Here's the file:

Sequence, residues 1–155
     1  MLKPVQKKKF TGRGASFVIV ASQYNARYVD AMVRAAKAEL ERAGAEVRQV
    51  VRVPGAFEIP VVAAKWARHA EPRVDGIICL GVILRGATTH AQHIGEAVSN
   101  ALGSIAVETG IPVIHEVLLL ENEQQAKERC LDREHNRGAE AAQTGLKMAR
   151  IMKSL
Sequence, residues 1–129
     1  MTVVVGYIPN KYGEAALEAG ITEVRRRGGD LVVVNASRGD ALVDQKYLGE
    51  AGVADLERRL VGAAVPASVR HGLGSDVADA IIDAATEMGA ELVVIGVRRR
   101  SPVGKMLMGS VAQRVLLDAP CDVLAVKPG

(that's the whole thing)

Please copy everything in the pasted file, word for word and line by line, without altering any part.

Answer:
Sequence, residues 1–155
     1  MLKPVQKKKF TGRGASFVIV ASQYNARYVD AMVRAAKAEL ERAGAEVRQV
    51  VRVPGAFEIP VVAAKWARHA EPRVDGIICL GVILRGATTH AQHIGEAVSN
   101  ALGSIAVETG IPVIHEVLLL ENEQQAKERC LDREHNRGAE AAQTGLKMAR
   151  IMKSL
Sequence, residues 1–129
     1  MTVVVGYIPN KYGEAALEAG ITEVRRRGGD LVVVNASRGD ALVDQKYLGE
    51  AGVADLERRL VGAAVPASVR HGLGSDVADA IIDAATEMGA ELVVIGVRRR
   101  SPVGKMLMGS VAQRVLLDAP CDVLAVKPG